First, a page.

They’re throwing blame around all the time. So you don’t know if one of them is the killer or if there’s a killer on the outside that’s terrorizing them, which as the movie concludes, you learn that’s the point.
CL: This film does an excellent job of keeping the viewers on their toes and guessing who the killer is by the end of the film. I’m curious to know, were you guys privy to know who the killer was, or was you just us going into the film just guessing as you all went along or whatever like that?
RS: We know.
CSW: We all read the script, so. We knew. We were playing into it. I think we all had the direction of Halina wanted to make it like it could be you, it could be you throughout the all introductory scenes.
LP: Because the movie’s about chaos. So if you have all of these, and Halina was so great with all of the characters about directing specificity into them so that the dynamics between all of these different characters are very rich. They’re throwing blame around all the time. So you don’t know if one of them is the killer or if there’s a killer on the outside that’s terrorizing them, which as the movie concludes, you learn that’s the point.
CL: Now, we have to talk about the infamous slapping scene because that scene was hilarious. How much fun did you have doing that whole moment?
MH: It was super fun.
AS: We slapped each other.
MH: We did. We actually slapped each other, which did not end up in the film actually because the real slaps did not look…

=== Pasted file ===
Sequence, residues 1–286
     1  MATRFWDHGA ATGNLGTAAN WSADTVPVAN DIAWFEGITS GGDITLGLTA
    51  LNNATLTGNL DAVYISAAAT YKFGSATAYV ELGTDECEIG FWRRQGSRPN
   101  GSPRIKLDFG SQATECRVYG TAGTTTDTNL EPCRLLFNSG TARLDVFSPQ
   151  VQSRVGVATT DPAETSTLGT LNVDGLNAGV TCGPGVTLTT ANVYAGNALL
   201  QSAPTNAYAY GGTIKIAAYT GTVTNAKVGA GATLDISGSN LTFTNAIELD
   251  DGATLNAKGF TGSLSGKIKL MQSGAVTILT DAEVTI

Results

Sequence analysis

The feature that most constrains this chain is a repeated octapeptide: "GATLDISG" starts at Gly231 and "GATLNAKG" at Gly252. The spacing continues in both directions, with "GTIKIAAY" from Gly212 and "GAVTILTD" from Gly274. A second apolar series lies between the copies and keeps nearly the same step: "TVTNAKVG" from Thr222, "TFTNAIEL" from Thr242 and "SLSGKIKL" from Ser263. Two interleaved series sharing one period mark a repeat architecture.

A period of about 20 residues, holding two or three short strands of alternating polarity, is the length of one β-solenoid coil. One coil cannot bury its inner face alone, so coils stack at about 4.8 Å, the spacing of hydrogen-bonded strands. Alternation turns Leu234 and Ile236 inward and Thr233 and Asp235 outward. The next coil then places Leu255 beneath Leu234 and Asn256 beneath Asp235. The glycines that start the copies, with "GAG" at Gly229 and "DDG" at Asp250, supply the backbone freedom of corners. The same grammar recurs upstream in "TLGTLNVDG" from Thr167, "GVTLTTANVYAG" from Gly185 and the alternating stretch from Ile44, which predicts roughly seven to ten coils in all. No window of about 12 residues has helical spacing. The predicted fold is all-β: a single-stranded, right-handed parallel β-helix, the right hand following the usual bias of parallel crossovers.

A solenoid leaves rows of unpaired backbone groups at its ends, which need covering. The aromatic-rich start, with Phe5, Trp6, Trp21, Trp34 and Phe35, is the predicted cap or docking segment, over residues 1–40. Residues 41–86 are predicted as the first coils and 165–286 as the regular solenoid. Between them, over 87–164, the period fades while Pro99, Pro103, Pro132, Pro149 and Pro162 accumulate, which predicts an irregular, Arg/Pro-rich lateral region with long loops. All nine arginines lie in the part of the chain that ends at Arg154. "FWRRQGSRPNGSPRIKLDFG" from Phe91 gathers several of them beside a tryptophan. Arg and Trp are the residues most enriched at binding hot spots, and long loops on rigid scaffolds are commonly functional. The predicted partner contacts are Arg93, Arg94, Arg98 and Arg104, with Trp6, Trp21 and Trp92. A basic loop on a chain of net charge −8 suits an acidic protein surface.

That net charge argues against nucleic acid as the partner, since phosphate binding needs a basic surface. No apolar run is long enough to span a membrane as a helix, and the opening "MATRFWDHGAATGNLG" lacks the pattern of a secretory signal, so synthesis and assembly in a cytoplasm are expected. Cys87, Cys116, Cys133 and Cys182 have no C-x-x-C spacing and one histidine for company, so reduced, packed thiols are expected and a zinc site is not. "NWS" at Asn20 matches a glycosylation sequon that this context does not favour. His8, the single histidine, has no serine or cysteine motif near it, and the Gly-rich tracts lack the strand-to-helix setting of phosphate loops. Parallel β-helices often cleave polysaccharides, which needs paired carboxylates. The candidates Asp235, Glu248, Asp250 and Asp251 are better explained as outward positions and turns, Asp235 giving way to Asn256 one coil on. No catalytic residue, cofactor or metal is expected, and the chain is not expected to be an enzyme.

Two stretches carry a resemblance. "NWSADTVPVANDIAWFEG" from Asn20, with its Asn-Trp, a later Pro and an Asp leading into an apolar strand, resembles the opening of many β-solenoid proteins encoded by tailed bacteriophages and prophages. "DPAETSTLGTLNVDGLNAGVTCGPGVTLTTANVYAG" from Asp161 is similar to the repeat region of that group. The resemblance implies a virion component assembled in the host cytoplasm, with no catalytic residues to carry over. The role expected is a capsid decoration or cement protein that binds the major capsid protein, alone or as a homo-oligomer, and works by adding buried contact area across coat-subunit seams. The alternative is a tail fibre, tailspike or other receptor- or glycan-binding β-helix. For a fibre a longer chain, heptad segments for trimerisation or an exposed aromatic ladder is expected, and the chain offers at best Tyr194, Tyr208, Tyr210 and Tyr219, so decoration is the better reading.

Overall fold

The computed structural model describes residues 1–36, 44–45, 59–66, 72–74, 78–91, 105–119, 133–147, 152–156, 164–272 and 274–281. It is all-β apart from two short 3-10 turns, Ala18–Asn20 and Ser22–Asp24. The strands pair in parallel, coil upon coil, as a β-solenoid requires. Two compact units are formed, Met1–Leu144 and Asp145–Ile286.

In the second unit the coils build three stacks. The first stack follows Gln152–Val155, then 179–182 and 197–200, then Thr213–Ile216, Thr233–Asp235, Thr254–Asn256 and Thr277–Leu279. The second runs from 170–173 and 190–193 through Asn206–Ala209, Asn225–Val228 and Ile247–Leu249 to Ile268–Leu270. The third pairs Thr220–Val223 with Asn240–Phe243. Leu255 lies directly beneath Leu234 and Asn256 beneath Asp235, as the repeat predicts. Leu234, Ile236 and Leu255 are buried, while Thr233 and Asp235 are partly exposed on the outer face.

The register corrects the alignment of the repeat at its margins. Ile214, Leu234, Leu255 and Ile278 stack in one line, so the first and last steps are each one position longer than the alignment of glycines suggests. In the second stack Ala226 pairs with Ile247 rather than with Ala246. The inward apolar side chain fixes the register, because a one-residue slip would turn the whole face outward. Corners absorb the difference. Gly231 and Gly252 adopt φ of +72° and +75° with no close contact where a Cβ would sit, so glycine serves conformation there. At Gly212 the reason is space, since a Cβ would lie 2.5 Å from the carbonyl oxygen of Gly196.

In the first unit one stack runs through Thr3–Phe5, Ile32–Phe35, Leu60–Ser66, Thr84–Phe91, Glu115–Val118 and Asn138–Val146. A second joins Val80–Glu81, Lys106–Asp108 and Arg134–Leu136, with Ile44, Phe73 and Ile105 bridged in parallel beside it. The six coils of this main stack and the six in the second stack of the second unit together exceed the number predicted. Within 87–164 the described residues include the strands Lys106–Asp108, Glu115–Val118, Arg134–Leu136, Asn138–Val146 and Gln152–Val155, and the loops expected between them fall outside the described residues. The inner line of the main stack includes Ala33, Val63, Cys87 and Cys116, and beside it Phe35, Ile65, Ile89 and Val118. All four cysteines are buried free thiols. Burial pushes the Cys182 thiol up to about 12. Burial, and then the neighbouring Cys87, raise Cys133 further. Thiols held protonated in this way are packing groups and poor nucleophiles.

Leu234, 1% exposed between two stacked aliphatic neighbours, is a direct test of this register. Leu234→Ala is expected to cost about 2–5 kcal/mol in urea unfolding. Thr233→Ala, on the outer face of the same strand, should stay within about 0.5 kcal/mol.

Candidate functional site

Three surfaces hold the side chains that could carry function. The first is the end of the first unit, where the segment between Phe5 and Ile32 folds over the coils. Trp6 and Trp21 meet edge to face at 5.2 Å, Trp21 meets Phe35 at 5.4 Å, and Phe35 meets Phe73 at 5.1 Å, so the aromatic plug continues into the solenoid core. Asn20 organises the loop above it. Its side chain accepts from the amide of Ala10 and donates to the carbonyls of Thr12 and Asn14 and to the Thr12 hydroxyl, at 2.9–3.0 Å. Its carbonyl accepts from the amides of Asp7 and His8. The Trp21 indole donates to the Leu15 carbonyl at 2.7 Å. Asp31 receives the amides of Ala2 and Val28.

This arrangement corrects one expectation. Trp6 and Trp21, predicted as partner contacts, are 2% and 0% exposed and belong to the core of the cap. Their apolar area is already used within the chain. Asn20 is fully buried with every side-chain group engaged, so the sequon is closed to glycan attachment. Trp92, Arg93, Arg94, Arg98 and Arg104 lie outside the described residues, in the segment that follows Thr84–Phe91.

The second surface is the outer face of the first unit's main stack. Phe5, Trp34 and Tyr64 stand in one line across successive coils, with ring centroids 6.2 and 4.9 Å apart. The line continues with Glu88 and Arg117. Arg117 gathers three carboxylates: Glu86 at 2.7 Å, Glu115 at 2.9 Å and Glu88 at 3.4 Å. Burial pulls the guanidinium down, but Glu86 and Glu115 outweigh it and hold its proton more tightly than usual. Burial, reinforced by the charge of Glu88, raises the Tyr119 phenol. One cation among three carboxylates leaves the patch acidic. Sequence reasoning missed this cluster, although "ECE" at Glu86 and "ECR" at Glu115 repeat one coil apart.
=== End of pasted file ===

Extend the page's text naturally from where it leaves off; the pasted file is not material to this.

AS: As brutal.
MH: Yeah, as brutal. We did stage slaps, but we volunteered to hit each other. We were very close that day. It was fun. It was good.
Lee Pace: That was actually a lot of fun. I thought it was pretty fun.
CSW: It was so fun.
RS: We slapped each other… for real.
CSW: People got hit. Pete and Lee really got it, really.
LP: Yeah, he really hit me. I was asking for it, and I really enjoyed it actually.
RS: It was fun to do that. You said earlier it’s the best kind of trust fall or something because you have to really trust each other where you’re like, slap me. Do you know what I mean? And also, you really have to love someone to be like, I trust you to slap me. Do you know what I mean? Slap me in the face. It was a good bonding exercise.
People got hit. Pete and Lee really got it, really.
CL: Well, you all sold them. They looked real. They sounded real. Outside of the film, if you guys actually played Bodies, Bodies, Bodies again with yourself, who would you immediately think is the killer?
MB: Me. No, because we played it already.
AS: We know that Maria is difficult to detect when she’s the killer. We learn this in our own game.
MB: They’re going to kill me first. They’ll be like, whatever.
MH: I don’t know. Now, I’m like, maybe she wouldn’t be, and I would be confused, and that would be a great diversion because then it could still be her, so I guess it would have to be Maria.
AS: Mm-hmm. So layered.
LP: Oh. Well, you all probably think it was me because that’s what you did in the movie.
CSW: That’s true.
RS: That’s true. Yeah. When we played it in the hotel, people kept saying that it was me.
CSW: That’s right, yeah.
LP: Was it true?
LP: No. Okay.
CSW: You try to pick the most unassuming person, and also with actors, it gets tricky because they’re acting really well at being unassuming or not being the killer, so it could be anybody. It’s awesome, but these two.
You can find out who the film’s killer is, as the movie’s playing in theaters now.
Photo: A24 / Bodies Bodies Bodies